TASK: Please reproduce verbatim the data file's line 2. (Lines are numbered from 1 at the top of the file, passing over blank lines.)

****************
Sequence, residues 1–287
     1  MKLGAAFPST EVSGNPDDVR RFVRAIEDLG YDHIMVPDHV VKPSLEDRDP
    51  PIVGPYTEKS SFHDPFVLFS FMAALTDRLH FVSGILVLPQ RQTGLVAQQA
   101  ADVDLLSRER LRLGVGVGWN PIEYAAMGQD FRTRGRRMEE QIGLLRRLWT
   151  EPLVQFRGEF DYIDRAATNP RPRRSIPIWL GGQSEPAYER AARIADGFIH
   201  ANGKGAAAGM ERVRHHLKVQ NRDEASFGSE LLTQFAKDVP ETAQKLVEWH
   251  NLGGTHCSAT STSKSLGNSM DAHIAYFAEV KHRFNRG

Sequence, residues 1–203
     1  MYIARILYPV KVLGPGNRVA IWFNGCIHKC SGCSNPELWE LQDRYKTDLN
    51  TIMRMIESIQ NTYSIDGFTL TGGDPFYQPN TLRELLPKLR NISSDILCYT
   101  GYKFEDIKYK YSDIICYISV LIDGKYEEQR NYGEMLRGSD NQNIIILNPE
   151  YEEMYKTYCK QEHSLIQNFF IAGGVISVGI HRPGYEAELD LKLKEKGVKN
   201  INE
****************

     1  MKLGAAFPST EVSGNPDDVR RFVRAIEDLG YDHIMVPDHV VKPSLEDRDP